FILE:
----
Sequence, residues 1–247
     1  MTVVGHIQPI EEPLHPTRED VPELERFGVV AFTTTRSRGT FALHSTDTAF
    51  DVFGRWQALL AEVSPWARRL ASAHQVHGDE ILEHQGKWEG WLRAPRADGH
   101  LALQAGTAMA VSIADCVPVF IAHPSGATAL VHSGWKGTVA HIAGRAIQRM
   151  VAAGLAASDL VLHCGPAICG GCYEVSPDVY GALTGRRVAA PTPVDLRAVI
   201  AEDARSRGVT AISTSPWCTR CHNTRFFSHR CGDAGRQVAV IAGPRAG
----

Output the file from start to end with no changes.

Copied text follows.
Sequence, residues 1–247
     1  MTVVGHIQPI EEPLHPTRED VPELERFGVV AFTTTRSRGT FALHSTDTAF
    51  DVFGRWQALL AEVSPWARRL ASAHQVHGDE ILEHQGKWEG WLRAPRADGH
   101  LALQAGTAMA VSIADCVPVF IAHPSGATAL VHSGWKGTVA HIAGRAIQRM
   151  VAAGLAASDL VLHCGPAICG GCYEVSPDVY GALTGRRVAA PTPVDLRAVI
   201  AEDARSRGVT AISTSPWCTR CHNTRFFSHR CGDAGRQVAV IAGPRAG